Data related to: Open-system evolution of a crustal-scale magma column, Klamath Mountains, California

Calvin Barnes, Nolwenn Coint, Melanie Barnes, Ariel Strickland, John Cottle, O. Ramo, Kevin Chamberlain & John Valley
Granitic magmas commonly display evidence for some level of interaction with and/or origins from crustal rocks. There is fundamental debate in the community as to the processes that control the origins of these magmas and the potential for their contamination as they pass through the crust. One approach to addressing these issues involves a combination of detailed field mapping combined with geochemical analysis of bulk-rock samples and their constituent minerals. In particular, resolution of debates...

Informed breeding dispersal following stochastic changes to patch quality in a pond-breeding amphibian

Gabriel Barrile, Annika Walters, Matthew Webster & Anna Chalfoun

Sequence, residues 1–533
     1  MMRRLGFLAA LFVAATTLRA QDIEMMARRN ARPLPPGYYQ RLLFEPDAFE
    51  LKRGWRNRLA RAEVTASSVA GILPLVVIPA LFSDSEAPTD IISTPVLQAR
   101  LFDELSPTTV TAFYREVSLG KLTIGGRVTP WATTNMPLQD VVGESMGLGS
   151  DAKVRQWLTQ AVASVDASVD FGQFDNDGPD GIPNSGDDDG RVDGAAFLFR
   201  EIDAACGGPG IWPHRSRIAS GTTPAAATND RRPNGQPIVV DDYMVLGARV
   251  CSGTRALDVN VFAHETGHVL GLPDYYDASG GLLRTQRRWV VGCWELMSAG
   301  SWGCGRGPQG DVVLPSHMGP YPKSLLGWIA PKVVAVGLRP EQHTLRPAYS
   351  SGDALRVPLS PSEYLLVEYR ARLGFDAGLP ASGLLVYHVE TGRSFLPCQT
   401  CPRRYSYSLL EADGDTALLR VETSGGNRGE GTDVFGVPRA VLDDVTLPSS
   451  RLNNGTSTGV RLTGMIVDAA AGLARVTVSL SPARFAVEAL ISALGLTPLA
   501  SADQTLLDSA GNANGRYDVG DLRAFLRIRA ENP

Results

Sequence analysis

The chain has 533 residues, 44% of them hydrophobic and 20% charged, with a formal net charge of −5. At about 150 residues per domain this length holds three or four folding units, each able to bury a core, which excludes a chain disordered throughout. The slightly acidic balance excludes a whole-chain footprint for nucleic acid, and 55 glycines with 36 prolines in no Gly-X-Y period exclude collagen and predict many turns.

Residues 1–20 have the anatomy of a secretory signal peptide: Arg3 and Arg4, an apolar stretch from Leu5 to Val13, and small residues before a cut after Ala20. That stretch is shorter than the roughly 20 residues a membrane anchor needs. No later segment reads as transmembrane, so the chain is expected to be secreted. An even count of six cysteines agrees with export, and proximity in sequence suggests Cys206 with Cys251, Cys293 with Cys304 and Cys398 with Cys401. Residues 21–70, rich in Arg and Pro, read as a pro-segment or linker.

1. The unidirectional movement of animals between breeding patches (i.e., breeding dispersal) has profound implications for the ecological and evolutionary dynamics of spatially structured populations. In spatiotemporally variable environments, individuals are expected to adjust their dispersal decisions according to information gathered on the environmental and/or social cues that reflect the fitness prospects in a given breeding patch (i.e., informed dispersal). 2. A paucity of empirical work limits our understanding of the ability of animals to...

Data from: Neural modularity helps organisms evolve to learn new skills without forgetting old

Kai Olav Ellefsen, Jean-Baptiste Mouret & Jeff Clune